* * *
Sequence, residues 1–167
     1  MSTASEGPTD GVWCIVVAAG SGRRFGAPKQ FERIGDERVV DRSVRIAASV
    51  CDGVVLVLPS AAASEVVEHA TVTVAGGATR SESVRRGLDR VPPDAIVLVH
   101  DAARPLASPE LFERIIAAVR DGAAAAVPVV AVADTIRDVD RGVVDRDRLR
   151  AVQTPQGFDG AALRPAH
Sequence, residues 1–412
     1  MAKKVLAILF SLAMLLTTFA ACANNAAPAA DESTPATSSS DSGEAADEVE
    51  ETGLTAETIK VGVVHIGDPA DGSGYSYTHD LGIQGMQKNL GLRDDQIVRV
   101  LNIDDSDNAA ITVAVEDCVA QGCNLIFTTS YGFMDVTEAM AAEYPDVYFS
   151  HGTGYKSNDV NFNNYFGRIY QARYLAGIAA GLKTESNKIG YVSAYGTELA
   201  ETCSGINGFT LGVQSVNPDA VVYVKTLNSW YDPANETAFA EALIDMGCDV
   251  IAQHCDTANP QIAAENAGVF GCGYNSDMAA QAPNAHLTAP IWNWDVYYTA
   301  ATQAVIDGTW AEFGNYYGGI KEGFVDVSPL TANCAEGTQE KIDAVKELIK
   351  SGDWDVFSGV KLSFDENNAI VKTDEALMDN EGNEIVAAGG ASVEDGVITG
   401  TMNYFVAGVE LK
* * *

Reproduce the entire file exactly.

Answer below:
Sequence, residues 1–167
     1  MSTASEGPTD GVWCIVVAAG SGRRFGAPKQ FERIGDERVV DRSVRIAASV
    51  CDGVVLVLPS AAASEVVEHA TVTVAGGATR SESVRRGLDR VPPDAIVLVH
   101  DAARPLASPE LFERIIAAVR DGAAAAVPVV AVADTIRDVD RGVVDRDRLR
   151  AVQTPQGFDG AALRPAH
Sequence, residues 1–412
     1  MAKKVLAILF SLAMLLTTFA ACANNAAPAA DESTPATSSS DSGEAADEVE
    51  ETGLTAETIK VGVVHIGDPA DGSGYSYTHD LGIQGMQKNL GLRDDQIVRV
   101  LNIDDSDNAA ITVAVEDCVA QGCNLIFTTS YGFMDVTEAM AAEYPDVYFS
   151  HGTGYKSNDV NFNNYFGRIY QARYLAGIAA GLKTESNKIG YVSAYGTELA
   201  ETCSGINGFT LGVQSVNPDA VVYVKTLNSW YDPANETAFA EALIDMGCDV
   251  IAQHCDTANP QIAAENAGVF GCGYNSDMAA QAPNAHLTAP IWNWDVYYTA
   301  ATQAVIDGTW AEFGNYYGGI KEGFVDVSPL TANCAEGTQE KIDAVKELIK
   351  SGDWDVFSGV KLSFDENNAI VKTDEALMDN EGNEIVAAGG ASVEDGVITG
   401  TMNYFVAGVE LK